Blisworth limestone has long been sourced and supplied to the construction industry in it’s rightful geological birthplace place of Northamptonshire county and surrounding areas. Until recently it was thought to be unavailable. Stamford Stone has now brought it back to the commercial market supplying clients from self-builders to national developers throughout the county. Blisworth limestone was famed for it’s density and durability still present in the stone we are quarrying today. The stone has been widely used as a planners favourite in the Brackley area on the Radstone Fields development for the last two years. It can also be said that is has taken over the reclaimed/salvaged stone market similar in colour and variation, coming in coursed bags is also a big bonus both economically and in terms of labour making it a much more commercially viable option for developers.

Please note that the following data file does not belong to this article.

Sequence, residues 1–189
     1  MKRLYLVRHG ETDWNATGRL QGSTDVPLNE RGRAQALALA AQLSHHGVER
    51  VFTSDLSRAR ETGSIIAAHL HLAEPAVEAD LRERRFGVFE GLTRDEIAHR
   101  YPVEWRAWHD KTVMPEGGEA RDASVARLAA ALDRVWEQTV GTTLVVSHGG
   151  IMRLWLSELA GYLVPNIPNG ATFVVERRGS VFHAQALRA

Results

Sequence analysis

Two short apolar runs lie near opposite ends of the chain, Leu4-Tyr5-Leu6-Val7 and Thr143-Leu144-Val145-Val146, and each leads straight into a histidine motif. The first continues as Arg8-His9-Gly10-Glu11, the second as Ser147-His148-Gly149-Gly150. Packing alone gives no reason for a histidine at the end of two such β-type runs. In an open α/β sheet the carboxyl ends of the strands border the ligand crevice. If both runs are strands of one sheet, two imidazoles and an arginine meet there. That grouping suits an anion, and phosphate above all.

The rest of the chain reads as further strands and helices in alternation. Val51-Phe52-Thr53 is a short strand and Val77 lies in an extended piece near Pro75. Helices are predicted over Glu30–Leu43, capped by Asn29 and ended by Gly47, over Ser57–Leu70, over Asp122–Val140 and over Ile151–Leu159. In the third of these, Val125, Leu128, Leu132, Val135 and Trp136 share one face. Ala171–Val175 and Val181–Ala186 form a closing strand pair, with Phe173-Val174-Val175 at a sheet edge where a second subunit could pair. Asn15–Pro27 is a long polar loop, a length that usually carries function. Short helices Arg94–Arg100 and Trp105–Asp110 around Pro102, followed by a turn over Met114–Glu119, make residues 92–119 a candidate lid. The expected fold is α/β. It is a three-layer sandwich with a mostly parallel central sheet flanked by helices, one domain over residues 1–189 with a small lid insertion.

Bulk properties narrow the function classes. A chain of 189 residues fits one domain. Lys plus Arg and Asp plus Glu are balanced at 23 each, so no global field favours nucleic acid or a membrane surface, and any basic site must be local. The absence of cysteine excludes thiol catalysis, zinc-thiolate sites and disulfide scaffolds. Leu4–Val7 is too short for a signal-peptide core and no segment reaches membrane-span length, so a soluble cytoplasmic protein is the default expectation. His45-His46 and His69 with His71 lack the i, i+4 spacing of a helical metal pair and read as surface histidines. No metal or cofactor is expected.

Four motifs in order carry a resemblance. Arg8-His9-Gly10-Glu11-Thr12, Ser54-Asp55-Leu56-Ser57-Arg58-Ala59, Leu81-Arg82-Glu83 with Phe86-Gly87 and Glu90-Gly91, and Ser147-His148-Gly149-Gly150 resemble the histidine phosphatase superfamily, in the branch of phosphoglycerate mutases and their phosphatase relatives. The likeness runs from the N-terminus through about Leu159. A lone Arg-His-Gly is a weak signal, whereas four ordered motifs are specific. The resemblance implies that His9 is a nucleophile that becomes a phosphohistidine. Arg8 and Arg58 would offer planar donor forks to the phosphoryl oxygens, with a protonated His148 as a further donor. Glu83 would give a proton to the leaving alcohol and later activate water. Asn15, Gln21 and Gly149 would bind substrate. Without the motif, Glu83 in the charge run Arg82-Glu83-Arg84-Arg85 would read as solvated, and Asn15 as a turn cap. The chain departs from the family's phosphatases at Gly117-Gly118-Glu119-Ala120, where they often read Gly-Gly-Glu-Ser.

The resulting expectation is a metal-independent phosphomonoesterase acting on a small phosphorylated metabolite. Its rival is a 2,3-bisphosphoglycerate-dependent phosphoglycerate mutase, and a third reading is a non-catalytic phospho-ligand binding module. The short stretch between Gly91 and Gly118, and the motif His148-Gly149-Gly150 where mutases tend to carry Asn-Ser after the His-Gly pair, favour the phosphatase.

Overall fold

A brief history of Blisworth – Before 1800, Blisworth had a couple of limestone quarries towards the east of the parish, quite near to the Courteenhall Road. They are marked as Lime Kilns in Bryant’s map of 1825. The quarries could have been opened in medieval times for providing stone for building and repair of cottages in the village. By the time of the fields enclosure in 1808 they were officially assigned to provide stone for road maintenance and, apparently, the Duke of Grafton instructed his agent to find a new quarry in order to sell stone. His agent (Mr. Roper) was actually already selling stone at the time and so he knew a likely place to establish a new quarry, that being just adjacent to one of the “road” quarries and in 1821 he opened it for business, opening onto the Stoke Road.